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Crystal cultivators.

[ILLUSTRATION OMITTED]

The challenge: grow the largest, clearest, best quality single crystal. The challengers: high school students and their science teachers from across the country. The competition: Canada's National Crystal Growing Competition. Students are given five weeks to grow the largest, best quality crystals in September/October of each year. The teachers now compete along with the students but in a category of their own. Each school sends in their best crystals which are then evaluated by teams of judges from 18 regions plus our home schooler category. The winners of the regional competitions send in their best quality and best overall crystals for national judging in December.

Judging includes weight and mass of the crystals plus a look at the quality. Factors in judging quality are: a) match/mismatch with crystal type; b) presence/absence of occlusions; c) intact/ broken edges; d) well formed/misformed faces; and clarity/muddiness.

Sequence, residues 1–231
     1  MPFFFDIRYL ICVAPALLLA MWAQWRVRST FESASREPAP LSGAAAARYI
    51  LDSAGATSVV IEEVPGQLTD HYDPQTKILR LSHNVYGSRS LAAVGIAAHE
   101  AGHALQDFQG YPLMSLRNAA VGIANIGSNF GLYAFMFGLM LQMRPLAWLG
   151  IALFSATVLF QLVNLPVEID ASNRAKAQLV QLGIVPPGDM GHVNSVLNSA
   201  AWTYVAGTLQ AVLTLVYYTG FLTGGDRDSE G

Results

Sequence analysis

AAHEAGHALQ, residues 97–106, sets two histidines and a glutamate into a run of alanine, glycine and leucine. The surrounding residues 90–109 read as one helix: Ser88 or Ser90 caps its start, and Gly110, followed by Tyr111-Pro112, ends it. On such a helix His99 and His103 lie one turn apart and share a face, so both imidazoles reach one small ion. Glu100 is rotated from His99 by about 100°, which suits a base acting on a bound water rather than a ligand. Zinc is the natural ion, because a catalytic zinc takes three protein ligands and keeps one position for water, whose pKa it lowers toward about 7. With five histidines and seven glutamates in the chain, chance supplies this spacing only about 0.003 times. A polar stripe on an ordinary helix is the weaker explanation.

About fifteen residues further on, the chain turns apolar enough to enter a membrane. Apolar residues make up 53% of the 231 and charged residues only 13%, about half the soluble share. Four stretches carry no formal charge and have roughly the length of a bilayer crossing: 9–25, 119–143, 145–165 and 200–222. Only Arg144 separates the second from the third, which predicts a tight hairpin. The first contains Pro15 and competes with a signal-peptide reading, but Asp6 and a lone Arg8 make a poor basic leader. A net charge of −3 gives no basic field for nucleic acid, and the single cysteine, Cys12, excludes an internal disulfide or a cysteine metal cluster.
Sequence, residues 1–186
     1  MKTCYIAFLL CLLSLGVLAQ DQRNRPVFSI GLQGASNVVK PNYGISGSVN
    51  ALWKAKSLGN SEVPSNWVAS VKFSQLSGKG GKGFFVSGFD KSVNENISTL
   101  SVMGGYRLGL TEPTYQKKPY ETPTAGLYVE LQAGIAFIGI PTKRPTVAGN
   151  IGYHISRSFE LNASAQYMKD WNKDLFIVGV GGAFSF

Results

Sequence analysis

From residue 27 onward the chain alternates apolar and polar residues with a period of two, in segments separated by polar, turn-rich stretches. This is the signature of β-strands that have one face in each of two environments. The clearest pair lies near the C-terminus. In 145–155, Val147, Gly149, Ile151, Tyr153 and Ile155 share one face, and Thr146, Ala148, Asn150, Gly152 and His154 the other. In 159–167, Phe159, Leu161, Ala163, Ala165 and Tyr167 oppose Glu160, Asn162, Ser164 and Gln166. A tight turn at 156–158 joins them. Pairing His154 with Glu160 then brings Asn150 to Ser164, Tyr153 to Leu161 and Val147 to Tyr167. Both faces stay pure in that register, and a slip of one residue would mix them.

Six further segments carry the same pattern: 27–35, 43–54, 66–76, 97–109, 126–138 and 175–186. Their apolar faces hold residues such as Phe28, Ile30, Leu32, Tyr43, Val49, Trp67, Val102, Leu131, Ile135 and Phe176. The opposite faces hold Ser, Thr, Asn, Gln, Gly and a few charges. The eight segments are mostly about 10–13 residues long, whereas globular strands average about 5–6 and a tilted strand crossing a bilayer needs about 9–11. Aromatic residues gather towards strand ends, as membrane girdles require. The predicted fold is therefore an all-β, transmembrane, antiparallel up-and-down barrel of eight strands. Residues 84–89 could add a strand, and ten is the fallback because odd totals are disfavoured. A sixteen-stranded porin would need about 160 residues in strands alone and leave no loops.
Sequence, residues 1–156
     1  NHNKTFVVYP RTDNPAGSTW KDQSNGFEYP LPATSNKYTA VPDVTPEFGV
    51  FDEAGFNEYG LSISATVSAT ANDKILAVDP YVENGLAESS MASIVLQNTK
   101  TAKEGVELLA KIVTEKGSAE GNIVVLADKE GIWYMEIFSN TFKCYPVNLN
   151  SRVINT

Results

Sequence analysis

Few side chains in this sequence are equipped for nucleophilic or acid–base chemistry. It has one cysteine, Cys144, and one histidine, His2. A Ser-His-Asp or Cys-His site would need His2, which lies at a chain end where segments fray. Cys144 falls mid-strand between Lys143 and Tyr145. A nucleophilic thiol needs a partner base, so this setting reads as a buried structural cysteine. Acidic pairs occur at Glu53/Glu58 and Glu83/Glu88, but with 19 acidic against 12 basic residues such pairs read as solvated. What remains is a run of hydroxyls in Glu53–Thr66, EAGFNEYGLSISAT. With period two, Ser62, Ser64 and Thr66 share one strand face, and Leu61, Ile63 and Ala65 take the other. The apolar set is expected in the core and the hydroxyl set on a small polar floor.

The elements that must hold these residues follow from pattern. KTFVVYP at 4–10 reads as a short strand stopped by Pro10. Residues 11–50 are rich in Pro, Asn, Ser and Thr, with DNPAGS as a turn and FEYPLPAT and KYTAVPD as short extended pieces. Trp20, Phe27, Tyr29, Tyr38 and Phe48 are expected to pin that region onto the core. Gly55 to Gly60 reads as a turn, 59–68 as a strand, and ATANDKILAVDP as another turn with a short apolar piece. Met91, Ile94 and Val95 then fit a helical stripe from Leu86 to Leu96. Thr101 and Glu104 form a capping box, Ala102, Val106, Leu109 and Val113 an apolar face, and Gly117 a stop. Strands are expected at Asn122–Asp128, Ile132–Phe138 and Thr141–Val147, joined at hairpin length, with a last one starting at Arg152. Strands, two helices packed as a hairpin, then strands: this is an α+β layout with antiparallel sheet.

In 2009, the students were challenged to grow crystals using a maximum of 100 grams of aluminum potassium sulphate with the aim to grow the clearest ice-like crystals. National coordinator, Denis Bussieres, FCIC from Universite du Quebec a Chicoutimi, and his team of judges determined the results. Winners receive cash prizes for their schools and individual certificates. The following were the top winners in overall crystal (weight, quality and shape), best quality crystal and best crystal grown by a teacher.

Best Overall Crystals

First place ($300): Marie-Andree Bernier, Ecole Mgr-Labrie, Havre-St-Pierre, Que.

Second place ($200): Diana Ambatali, Angelini Ramharak and Katherine Vanderkruk, St-Joseph College School, Toronto, Ont.

Third place ($100): Ranek Kill, Stephanie Bohaichuk and Ulysses Chin, Harry Ainlay High School, Edmonton, Alta.

Best quality crystal ($200): Mice Ye, Lisgar Collegiate Institute, Ottawa, Ont.

Best teacher grown crystal ($200): Aura Pombert, Harry Ainlay High School, Edmonton, Alta.

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Title Annotation:Student
Publication:Canadian Chemical News
Article Type:Brief article
Geographic Code:1CANA
Date:Apr 1, 2010
Words:297
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